A member of the Abenaki Nation and one of Canada’s most distinguished filmmakers, Alanis Obomsawin is a director and producer at the National Film Board of Canada, where she has worked since 1967.
In September 2021, the Toronto International Film Festival (TIFF) is presenting the world premiere of Ms. Obomsawin’s new film, Honour to Senator Murray Sinclair, which shares the powerful speech Senator Sinclair gave when he accepted the WFM-Canada World Peace Award, interspersed with the heartbreaking testimonies of former students imprisoned at residential schools.
It’s her 53rd film in a legendary career spanning 54 years, devoted to chronicling the lives and concerns of First Nations people and exploring issues of importance to all.
TIFF is also presenting Obomsawin with the Jeff Skoll Award in Impact Media, recognizing leadership in creating a union between social impact and cinema, along with a career retrospective entitled Celebrating Alanis.
FILM CYCLE ON THE RIGHTS OF INDIGENOUS CHILDREN AND PEOPLES
Obomsawin’s 2019 production Jordan River Anderson, The Messenger completed, on an optimistic note, a seven-film cycle devoted to the rights of Indigenous children and Peoples, which began in 2010 when she conducted her first interviews for The People of the Kattawapiskak River.
Named Best Canadian Documentary at the Vancouver International Film Festival, the film tells the story of Jordan River Anderson, and how as a result of his short life almost a quarter of a million First Nations children today have health care equal to that enjoyed by the rest of Canadians.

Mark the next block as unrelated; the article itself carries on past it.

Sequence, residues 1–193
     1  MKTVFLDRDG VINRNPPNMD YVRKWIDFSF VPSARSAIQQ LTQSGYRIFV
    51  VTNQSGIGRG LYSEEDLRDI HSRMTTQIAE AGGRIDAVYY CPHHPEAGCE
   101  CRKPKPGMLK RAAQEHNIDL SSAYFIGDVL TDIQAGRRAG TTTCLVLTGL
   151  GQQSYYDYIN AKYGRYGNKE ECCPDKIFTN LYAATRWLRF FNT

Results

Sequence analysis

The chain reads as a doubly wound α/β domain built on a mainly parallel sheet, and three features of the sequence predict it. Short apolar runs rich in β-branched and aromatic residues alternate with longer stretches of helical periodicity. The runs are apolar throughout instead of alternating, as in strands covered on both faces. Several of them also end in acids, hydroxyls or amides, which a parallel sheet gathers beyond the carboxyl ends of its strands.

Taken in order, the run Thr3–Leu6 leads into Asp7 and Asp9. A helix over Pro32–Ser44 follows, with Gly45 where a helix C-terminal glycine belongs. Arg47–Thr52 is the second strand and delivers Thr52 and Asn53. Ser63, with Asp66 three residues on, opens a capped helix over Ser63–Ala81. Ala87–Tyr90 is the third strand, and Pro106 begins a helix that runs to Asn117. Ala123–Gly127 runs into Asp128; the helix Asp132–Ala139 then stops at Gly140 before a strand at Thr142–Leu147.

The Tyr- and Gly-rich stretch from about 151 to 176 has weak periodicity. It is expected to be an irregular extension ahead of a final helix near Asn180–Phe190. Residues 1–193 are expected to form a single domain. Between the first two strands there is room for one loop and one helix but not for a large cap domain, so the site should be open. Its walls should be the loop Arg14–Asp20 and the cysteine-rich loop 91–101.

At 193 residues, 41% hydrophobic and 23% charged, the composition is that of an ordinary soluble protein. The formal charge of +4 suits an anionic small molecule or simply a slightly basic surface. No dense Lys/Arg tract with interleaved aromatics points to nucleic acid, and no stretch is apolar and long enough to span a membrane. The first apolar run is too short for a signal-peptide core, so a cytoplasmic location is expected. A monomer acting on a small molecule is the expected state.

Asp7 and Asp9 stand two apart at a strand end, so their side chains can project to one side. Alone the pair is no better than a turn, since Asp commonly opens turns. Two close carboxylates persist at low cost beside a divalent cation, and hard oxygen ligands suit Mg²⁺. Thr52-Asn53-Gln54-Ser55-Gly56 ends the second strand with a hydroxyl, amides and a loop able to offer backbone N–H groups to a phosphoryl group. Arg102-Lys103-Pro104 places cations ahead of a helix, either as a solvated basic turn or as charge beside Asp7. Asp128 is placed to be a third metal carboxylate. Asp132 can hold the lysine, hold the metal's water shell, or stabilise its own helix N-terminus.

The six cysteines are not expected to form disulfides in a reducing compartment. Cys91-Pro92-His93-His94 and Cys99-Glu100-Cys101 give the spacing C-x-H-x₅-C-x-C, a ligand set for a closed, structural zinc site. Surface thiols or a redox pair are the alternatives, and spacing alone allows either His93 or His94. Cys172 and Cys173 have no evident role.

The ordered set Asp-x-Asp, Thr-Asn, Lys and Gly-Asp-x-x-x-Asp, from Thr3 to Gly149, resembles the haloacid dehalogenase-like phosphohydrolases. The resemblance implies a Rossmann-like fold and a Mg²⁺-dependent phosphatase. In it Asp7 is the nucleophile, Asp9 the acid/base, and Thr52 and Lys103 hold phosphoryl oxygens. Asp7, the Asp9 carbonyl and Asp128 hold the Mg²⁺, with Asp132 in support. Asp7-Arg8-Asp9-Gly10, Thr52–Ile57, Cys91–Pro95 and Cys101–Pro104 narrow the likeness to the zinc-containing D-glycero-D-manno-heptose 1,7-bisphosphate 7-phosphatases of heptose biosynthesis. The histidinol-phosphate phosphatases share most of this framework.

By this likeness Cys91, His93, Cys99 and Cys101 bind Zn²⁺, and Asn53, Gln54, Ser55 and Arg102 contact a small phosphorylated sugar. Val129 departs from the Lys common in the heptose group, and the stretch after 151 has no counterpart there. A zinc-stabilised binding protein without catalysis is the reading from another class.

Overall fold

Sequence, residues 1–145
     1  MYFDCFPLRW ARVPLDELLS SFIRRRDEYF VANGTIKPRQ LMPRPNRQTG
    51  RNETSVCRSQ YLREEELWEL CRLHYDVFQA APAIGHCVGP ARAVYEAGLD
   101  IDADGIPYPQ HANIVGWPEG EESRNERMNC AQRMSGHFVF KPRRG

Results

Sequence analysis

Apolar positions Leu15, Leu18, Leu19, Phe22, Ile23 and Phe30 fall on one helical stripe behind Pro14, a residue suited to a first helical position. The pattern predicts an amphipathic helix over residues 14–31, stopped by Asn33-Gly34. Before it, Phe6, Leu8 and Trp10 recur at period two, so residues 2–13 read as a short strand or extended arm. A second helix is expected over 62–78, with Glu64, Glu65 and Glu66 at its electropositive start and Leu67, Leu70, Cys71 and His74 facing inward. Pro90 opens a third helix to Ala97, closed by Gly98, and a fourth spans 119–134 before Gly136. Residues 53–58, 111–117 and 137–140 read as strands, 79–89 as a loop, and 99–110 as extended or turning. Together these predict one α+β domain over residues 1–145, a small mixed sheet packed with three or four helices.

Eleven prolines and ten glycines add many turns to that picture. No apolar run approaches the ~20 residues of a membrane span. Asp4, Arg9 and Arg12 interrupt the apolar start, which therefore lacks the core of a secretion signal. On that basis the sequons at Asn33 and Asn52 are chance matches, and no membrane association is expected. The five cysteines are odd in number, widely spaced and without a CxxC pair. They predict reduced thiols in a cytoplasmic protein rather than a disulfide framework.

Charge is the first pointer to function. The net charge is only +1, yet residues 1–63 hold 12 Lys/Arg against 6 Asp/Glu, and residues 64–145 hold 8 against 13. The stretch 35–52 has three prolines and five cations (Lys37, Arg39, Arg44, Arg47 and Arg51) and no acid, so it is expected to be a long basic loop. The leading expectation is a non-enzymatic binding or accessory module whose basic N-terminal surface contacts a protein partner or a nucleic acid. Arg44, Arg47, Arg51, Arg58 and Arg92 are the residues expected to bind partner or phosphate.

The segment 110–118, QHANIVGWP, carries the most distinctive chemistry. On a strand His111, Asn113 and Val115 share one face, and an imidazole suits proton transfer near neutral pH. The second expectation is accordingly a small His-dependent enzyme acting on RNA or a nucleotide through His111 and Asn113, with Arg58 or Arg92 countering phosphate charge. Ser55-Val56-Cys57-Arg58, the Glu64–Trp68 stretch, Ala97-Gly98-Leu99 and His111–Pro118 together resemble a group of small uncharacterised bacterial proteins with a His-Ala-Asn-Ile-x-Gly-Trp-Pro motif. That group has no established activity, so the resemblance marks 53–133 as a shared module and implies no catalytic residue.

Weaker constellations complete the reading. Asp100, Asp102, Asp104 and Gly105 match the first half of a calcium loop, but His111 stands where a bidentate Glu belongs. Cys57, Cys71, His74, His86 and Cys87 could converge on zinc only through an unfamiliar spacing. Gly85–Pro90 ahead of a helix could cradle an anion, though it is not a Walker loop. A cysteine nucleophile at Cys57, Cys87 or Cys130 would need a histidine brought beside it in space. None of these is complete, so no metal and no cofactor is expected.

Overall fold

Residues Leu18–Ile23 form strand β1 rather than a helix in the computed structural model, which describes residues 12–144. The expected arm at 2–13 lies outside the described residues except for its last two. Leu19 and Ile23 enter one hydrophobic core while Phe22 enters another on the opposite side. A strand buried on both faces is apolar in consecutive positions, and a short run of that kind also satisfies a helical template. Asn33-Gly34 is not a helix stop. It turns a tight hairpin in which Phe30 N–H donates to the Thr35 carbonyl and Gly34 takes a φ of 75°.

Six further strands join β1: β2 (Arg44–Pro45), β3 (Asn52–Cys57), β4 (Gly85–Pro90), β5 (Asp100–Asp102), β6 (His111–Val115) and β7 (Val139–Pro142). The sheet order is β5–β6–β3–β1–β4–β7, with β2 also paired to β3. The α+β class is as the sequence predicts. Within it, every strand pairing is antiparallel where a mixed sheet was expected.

Walking Is Medicine (2018) followed the story of the Nishiyuu walkers: six young Cree men who recreated the 1,600-kilometre trek from Whapmagoostui in Quebec to Ottawa—a journey whose roots date back millennia.
In 2017, Our People Will Be Healed brought audiences inside the Helen Betty Osborne Ininiw Education Resource Centre, an innovative school in the Cree community of Norway House.
In 2016, We Can’t Make the Same Mistake Twice documented a court challenge by the Assembly of First Nations and Child & Family Caring Society of Canada, which argued welfare services provided to First Nations children on reserves and in Yukon were underfunded.
Her 2014 documentary Trick or Treaty? follows the journey of Indigenous people in their quest for justice as they seek to establish a dialogue with the Canadian government—and was the first film by an Indigenous filmmaker selected to TIFF’s Masters program.
In 2013, she completed Hi-Ho Mistahey!, taking viewers into the heart of Shannen’s Dream, a national campaign to provide fair access to education for First Nations youth. The previous year, Obomsawin completed The People of the Kattawapiskak River (2012), which went behind the headlines to explore the Attawapiskat housing crisis.